Timberwolves, Love endure oh-so-close loss at the hands of Thunder
Kevin Love couldn't quite deliver for the Timberwolves late in Saturday's loss.
Minnesota is 0-9 in games this season decided by four points or less and 0-for its last seven chances to go over .500.
Jesse Johnson / USA TODAY Sports
By Phil Ervin
MINNEAPOLIS -- In and out. Back iron. No rim, on purpose.
And the latest, most deflating defeat in this topsy-turvy Timberwolves season.
Less than a week after feeling robbed following a no-call in the final seconds, Kevin Love received his whistle Saturday night at the Target Center. But with Minnesota trailing by two and three free-throw chances to do something about it, the superstar coming off a December to remember looked as human as he has since missing most of last season with a broken hand.
"I just missed them," Love said of his errant foul shots with 2.2 seconds left in a 115-111 loss to Oklahoma City. "They were flat and short and there was no real air under them. I just missed them."
Love came into the night shooting 82.8 percent from the free-throw line this season. He can't remember ever missing four freebies in a row (he'd clanged an and-one off the front of the rim with a chance to regain the lead for the Timberwolves with 27 seconds left, then Kevin Durant hit a step-back jump shot on the Thunder's next trip down the floor). His coach, teammates and Love himself can't envision a better potential game-winning scenario than what transpired before 18,065 spectators Saturday night.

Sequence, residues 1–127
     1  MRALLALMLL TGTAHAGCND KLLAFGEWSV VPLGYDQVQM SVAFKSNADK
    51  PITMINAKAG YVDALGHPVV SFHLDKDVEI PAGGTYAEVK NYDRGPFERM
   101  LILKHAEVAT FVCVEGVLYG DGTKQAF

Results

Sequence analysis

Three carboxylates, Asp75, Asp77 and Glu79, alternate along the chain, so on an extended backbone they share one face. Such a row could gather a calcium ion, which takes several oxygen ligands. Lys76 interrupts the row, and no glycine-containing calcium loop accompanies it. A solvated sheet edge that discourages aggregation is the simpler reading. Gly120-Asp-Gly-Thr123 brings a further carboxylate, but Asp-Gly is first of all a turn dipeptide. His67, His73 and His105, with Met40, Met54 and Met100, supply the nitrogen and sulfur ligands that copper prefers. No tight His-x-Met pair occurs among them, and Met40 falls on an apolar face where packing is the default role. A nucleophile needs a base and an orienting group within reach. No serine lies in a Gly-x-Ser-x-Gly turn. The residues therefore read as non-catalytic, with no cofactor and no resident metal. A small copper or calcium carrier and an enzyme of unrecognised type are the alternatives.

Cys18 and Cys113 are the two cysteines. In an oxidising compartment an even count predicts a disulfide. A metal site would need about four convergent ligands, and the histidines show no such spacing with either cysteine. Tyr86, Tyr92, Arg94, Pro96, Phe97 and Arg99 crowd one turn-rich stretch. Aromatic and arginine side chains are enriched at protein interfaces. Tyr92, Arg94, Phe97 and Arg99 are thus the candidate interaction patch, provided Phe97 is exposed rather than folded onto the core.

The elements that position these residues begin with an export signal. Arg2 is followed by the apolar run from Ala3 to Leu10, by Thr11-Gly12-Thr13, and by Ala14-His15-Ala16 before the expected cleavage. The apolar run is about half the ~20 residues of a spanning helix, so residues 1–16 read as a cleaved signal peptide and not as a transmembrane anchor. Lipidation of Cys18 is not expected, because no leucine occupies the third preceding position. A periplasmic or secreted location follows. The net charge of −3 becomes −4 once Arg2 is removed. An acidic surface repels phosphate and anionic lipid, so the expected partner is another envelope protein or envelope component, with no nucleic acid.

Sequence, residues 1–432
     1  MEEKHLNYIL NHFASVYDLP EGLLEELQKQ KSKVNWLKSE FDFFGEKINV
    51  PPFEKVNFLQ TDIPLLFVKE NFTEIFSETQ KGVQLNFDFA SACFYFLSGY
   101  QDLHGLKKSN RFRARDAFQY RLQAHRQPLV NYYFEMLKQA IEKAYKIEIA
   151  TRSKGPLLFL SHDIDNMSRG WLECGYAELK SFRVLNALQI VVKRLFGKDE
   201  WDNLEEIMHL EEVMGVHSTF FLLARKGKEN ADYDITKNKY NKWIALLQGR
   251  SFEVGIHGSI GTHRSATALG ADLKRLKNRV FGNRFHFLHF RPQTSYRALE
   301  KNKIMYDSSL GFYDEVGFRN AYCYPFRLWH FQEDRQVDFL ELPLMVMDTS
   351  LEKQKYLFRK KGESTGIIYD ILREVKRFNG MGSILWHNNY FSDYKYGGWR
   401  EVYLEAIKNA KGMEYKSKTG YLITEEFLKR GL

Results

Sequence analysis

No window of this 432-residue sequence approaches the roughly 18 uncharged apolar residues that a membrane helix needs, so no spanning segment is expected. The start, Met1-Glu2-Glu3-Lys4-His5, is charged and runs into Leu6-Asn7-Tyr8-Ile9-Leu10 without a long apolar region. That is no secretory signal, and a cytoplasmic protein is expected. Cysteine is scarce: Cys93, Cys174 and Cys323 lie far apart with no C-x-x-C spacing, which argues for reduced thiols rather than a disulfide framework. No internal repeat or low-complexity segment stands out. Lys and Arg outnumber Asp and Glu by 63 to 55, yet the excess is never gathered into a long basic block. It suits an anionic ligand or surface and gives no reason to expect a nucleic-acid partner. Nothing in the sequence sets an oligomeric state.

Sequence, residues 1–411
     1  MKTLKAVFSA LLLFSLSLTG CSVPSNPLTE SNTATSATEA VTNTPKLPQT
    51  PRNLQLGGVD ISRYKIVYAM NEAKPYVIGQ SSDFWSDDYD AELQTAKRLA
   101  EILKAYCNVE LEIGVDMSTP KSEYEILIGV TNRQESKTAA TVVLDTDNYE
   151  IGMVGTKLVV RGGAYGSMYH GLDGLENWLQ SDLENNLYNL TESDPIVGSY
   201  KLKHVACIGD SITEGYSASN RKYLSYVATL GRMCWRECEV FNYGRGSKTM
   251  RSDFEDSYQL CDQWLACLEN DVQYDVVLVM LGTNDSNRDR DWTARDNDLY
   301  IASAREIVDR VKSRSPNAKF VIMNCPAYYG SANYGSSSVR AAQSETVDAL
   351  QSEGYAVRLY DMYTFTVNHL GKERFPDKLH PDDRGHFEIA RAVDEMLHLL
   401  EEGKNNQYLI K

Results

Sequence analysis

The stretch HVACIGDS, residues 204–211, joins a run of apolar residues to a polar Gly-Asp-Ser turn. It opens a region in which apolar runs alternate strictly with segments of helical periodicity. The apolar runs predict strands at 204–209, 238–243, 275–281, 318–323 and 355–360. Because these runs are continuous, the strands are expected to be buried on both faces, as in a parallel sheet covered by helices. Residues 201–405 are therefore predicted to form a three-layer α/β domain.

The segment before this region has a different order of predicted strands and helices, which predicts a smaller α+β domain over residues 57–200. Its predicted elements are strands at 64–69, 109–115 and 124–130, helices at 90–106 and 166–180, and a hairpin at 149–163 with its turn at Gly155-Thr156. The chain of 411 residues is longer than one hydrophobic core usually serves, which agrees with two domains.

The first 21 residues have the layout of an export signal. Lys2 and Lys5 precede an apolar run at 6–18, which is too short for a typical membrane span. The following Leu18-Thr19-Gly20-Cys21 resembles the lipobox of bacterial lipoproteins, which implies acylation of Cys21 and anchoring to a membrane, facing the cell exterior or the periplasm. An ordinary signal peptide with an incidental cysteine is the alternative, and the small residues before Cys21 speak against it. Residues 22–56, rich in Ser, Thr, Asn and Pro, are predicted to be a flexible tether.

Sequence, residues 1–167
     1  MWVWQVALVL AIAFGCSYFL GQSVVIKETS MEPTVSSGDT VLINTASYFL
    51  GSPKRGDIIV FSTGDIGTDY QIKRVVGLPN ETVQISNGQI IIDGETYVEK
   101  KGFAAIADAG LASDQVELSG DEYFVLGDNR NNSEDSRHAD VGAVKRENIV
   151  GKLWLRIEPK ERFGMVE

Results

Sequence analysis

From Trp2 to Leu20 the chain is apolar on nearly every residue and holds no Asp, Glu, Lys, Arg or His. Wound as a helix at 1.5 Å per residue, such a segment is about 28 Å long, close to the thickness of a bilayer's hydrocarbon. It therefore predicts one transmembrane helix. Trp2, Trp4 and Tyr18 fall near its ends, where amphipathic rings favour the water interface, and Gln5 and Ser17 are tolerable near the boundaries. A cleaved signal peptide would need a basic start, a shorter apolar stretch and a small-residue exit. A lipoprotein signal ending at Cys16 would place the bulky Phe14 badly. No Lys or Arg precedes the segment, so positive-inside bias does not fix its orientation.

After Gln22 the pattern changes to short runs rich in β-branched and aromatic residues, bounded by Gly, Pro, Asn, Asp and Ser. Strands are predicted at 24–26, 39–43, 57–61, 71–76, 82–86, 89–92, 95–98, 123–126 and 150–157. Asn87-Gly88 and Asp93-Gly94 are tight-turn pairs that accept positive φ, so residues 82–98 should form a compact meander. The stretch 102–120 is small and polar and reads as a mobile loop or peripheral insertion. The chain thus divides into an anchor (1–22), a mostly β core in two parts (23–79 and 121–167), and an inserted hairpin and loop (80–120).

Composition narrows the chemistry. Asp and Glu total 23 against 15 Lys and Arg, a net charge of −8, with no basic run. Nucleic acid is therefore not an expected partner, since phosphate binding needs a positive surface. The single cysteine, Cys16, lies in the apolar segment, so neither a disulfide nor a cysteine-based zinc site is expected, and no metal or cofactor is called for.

But he couldn't deliver.
"I'll take K-Love in that situation no matter what," small forward Corey Brewer said.
And coach Rick Adelman: "It happens to the best of players. It's just one of those things."
And Love: "You can put any number on that, and I'll take it every single time. I'll put me on the free-throw line every single time, too."
The NBA later admitted a similar opportunity was snatched away Monday against Dallas when Shawn Marion slapped Love's arm on a long 2 try in the closing seconds. This time, Love rose for a 3 on the left wing -- his favorite spot from long distance -- and coaxed a mid-air foul from Kendrick Perkins.
A slight grin tugged at Love's mouth before he stepped into the semicircle. Finally, he'd received his chance.
The first shot rolled around the side of the rim and fell to the floor. Trailing 113-111 after Durant's final dagger, the Timberwolves (16-17) could still tie.
Another brick, this one off the rectangle that connects hoop to backboard.
Nightlong energy was sucked out of the Target Center and into the cold Minnesota night. Love then tried to intentionally brick the third shot in hopes of his team retaining possession, but it didn't catch rim, and Oklahoma City received the ball out of bounds.
This was the same Kevin Love who led all NBA scorers with 30 points per game and ranked third in rebounding during the final month of 2013, becoming just the fifth player since 1985-86 to record 350 points, 15 rebounds, 50 assists and 30 made 3s in a single month. He made 80 of 94 (85.1 percent) free throws during that time, too.
"Nobody can do that," Durant said of his former AAU opponent and offseason training partner.
But Saturday, it was Durant who provided the final punch. And several before that.